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Creative biography

Croatian writer Ivan Kozarac entered the literary scene in 1902 with his Slavjanstvo song published in Naša Sloga. During his short 8 years of active work (from 1902 to 1910) he produced sixty poems, 40 short stories and novellas, Đuka Begović novel and his autobiography. Only one book was published during his life time and that was Slavonska krv (Vinkovci, 1906). His other works including Pjesme, Izabrane pripovijetke and Đuka Begović were published posthumously in Split, Vinkovci and Zagreb respectively. The manuscript contained many unfinished texts: a diary, few dramas such as Pod noć, Sraz, Iz kobnih dana, Rane, fiction text Mrlje, outlines for future novels called Selo Korovci and Napori, several stories from the times he was a soldier and a few poems.

Since 1902, he began to publish his work in magazines using several pseudonyms such as: Ivan K. Kerepov, Vanja Kosan, Ivan Nikolajević Matski, Olgin, Novus…

He slowly entered Croatian literary scene, writing from province in extreme living and financial conditions, working as a notary since he was 13, being diagnosed with tuberculosis when he was 18 and serving as an ill man in the army for two and a half years. With all the hardships and tough living conditions, he managed in short, but very intensive time, to earn his place among Croatian’s greatest writers:

  • Đuka Begović novel was the height of his creative work, the best Croatian modernist novel and one of the best Croatian novels of all time;

  • His songs such as: Sagara Dan, Milovo sam, Da se povezemo, Iz davnih dana, Dođi, draga, Večer je, Ciganinu, Bujaju šumorne mutne vode, U mutež večernji, Umiranje III, were deemed anthological and five of them were adapted into songs;

  • Anthological novellas: U nagonu, Garavuša, Kukavac, Genka, Sudoperka, Gnjili…


His works were translated into Czech, Polish and Slovenian language.


Kozarac wrote poems from 1902 until he died in 1910, producing total of around 60 poems.  
Život and Vesna, the two handwritten notebooks, written in Vinkovci in 1904 and 1905 respectively, contain poetical beginnings and trials of a young poet. The manuscripts are kept in Vinkovci City Library.

Ivan Kozarac was not a typical poet nor was he a part of dominant modernist Croatian poetic movement. He affirmed and legitimized himself as a poet of vitalism and decadency, a poet of passion, joy, euphoria but also a poet of exhaustion, dying and agony.

He is a true Slavonian poet with suggestive, kinesthetic plain landscapes, the poet of Slavonian street (sokak), the village intimacy and idyllic surroundings that bring tradition and Slavonia to life as a desired and appraised space of decadency. His most acclaimed love songs tell a story of young people, bećari, young pride, jogunluk, euphoria and hedonism, which makes him a poet of youth and young love.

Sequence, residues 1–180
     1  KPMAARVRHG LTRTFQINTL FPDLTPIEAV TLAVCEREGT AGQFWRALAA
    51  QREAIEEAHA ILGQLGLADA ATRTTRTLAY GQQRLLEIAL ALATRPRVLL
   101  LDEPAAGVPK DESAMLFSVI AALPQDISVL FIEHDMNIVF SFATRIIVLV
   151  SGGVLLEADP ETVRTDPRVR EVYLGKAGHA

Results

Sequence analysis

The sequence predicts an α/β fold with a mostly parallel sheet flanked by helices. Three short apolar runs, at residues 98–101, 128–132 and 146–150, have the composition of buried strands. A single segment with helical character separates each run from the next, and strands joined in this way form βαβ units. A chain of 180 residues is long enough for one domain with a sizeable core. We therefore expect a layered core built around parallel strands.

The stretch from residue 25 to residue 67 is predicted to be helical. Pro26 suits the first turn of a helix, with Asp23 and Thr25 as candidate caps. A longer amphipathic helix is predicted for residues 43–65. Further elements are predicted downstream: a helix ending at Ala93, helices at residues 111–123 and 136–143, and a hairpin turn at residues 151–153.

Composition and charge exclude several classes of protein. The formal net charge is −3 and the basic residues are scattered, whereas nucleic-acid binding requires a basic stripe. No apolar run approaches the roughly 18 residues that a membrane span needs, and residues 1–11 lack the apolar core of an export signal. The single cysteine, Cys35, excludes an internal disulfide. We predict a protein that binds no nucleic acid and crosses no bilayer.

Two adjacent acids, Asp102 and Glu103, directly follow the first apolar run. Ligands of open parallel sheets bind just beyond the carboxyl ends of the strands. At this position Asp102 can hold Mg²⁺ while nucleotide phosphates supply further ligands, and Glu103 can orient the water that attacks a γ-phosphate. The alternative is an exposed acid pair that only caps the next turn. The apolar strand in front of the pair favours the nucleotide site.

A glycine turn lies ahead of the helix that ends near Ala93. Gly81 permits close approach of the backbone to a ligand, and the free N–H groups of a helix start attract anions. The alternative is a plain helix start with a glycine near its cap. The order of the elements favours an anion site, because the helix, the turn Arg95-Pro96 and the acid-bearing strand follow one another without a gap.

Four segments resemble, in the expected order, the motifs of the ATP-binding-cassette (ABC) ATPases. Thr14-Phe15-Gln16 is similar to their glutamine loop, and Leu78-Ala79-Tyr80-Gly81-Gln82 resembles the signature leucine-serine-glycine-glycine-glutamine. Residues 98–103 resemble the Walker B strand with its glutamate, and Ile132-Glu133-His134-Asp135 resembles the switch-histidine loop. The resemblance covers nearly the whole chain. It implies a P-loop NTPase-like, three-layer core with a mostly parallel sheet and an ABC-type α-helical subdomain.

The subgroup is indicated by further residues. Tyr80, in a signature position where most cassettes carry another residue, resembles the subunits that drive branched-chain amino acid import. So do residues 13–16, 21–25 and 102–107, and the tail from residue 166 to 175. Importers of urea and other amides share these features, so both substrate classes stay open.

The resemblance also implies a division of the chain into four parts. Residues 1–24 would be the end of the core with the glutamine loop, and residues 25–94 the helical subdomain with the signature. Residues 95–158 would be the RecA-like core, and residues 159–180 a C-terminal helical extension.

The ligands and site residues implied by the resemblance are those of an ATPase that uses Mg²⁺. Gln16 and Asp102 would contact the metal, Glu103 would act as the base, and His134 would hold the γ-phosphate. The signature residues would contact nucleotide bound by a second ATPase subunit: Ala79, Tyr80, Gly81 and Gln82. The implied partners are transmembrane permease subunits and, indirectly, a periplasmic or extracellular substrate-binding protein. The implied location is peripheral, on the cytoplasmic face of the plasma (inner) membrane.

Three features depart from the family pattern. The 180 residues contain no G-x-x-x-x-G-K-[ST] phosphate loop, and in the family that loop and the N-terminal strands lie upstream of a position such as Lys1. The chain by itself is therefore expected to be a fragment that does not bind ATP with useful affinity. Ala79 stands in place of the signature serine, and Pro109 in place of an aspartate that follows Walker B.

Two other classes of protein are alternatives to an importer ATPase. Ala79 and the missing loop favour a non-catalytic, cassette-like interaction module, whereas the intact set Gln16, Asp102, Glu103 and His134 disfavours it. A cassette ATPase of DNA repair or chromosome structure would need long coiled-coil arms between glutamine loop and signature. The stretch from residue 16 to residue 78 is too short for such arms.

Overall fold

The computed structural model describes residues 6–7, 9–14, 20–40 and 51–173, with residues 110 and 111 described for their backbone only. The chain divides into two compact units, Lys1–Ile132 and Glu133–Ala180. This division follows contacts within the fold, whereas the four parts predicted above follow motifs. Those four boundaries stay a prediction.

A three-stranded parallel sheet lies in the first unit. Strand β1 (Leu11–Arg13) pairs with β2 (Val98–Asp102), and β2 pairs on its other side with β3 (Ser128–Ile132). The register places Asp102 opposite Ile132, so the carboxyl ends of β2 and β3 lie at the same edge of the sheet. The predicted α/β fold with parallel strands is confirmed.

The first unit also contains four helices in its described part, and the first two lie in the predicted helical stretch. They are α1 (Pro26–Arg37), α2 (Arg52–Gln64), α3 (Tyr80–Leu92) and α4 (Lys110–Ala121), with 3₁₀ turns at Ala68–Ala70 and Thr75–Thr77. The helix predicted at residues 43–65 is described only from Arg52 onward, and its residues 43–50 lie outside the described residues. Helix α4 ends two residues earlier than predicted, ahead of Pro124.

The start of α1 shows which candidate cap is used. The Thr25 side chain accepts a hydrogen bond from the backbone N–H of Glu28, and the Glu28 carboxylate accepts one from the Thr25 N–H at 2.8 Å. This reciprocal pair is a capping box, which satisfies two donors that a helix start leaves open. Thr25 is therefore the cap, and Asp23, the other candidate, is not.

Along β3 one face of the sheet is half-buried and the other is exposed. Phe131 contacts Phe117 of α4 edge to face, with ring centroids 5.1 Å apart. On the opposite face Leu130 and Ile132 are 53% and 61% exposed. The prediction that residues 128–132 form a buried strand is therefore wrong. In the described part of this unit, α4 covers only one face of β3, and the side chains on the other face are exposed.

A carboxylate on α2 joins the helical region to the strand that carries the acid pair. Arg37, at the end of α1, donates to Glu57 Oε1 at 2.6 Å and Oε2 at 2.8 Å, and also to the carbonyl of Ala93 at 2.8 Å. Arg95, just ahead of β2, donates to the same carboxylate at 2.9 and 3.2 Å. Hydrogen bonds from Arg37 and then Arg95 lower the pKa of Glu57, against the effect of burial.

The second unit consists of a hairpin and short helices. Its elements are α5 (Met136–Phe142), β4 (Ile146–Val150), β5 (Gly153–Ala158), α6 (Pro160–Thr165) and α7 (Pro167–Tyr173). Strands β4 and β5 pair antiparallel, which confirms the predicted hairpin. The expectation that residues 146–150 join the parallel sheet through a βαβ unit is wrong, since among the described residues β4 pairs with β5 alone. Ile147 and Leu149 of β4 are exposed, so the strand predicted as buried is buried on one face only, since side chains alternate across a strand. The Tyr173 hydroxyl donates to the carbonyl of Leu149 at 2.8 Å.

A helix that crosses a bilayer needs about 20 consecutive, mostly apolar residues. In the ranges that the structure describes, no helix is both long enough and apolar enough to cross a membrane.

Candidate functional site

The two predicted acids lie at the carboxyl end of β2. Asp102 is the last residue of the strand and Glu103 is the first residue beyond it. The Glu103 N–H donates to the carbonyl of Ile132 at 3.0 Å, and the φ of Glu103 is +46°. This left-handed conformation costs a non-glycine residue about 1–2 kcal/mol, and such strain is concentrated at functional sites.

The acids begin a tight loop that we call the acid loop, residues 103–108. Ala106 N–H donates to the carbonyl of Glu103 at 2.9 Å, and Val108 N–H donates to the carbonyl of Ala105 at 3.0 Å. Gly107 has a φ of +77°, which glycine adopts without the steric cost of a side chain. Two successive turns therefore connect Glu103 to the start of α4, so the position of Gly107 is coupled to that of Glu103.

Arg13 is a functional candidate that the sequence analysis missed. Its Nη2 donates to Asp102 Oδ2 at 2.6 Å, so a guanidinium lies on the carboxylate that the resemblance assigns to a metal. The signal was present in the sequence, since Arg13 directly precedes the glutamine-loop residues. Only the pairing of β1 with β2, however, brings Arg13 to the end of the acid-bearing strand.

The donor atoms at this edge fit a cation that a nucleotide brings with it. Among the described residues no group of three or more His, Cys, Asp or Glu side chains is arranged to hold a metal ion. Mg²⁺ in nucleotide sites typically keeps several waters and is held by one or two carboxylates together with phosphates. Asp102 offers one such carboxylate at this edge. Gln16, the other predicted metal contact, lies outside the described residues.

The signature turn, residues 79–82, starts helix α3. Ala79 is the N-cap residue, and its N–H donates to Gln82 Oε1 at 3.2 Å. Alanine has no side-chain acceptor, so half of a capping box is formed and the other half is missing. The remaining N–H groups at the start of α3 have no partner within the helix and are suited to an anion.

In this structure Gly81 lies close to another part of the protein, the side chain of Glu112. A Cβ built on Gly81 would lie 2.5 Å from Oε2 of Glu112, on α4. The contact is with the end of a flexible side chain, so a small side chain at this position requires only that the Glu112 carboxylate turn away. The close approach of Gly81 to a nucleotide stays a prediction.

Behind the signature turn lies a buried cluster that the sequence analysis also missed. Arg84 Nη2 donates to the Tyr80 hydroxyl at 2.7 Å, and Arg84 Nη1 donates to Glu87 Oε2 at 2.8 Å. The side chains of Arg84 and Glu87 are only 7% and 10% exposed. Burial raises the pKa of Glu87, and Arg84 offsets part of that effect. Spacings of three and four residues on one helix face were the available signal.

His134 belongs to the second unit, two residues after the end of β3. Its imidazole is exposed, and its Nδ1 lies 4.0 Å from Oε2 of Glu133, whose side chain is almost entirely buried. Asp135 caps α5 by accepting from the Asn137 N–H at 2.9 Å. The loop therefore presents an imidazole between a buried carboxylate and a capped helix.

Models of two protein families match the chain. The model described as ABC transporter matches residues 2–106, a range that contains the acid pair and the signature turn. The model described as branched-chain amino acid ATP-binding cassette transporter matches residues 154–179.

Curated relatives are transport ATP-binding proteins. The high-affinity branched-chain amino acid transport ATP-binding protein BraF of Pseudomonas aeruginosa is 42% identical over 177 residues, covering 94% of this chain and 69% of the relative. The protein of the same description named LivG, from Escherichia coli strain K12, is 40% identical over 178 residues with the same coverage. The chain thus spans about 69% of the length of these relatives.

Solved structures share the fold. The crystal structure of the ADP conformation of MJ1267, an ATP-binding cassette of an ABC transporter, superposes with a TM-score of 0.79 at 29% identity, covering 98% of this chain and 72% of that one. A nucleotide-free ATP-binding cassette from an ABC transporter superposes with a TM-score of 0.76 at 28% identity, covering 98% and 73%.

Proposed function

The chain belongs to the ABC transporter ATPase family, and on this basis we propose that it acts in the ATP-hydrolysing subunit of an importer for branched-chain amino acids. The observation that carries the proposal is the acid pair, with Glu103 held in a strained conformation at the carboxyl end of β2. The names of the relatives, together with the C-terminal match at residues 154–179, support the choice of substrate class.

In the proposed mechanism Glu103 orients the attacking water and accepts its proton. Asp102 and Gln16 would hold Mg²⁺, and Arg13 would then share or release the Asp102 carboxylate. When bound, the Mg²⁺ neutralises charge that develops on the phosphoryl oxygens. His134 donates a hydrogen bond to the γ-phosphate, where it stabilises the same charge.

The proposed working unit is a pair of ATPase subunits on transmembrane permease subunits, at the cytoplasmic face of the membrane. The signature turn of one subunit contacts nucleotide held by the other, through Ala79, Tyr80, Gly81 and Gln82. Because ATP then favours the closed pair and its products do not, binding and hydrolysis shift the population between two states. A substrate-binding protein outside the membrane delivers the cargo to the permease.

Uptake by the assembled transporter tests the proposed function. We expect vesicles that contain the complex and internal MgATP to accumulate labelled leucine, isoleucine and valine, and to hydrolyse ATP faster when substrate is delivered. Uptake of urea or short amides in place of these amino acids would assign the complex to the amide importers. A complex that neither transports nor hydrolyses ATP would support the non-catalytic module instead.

Kozarac glorified life, joy and love, well aware of his inevitable demise due to his illness. He searched for cure in songs, kerenju i irošenju, and horse races. He found the path to everlasting freedom, freedom of movement, thought, feeling and perceiving in the dynamics and vitalism.

As a poet of decadency, exhaustion and dying he brings autumnal landscapes with grey fogs, muddy roads, foggy fields, murky waters and shows the decadent, sick, tired Slavonia and the agony of a poet who “dies seven years inch by inch.”

In me there is less and less me

I am dying, quietly, slowly

Poet of words, landscapes and life died on a rainy afternoon in the late fall. The day wept for the greatest poet and writer of Slavonia’s literary future.



Beautiful Marija Kozarac was a neighbor of Ivan’s from Krnjaš, the muse of his famous Milovo sam garave i plave song which was published in Savremenik on February 4th 1910 under the pseudonym Vanja Kosan.


Marija was born in Vinkovci on January 3rd 1886 by father Tomo Kozarac and mother Manda Kozarac nee Grgić. They lived in Krnjaš borough, house number 724.


The love between Ivan and Marija was forbidden because they were cousins twice removed. High school dropout, tuberculosis stricken, destitute poet/notary cousin was not a great match and the marriage was off the table. Marija married Franjo Guttman and gave birth to three daughters. She died on September 9th 1979 when she was 93 years old.


The poor poet could not afford to buy his love expensive jewels; instead he expressed his sincere and deep feelings of love by creating a poetic gem, making his love a part of one of a kind pleiad of adored women (Kantili’s Ljubica and Zuzorić’s Cvijeta) and everlasting muses of many Croatian poets.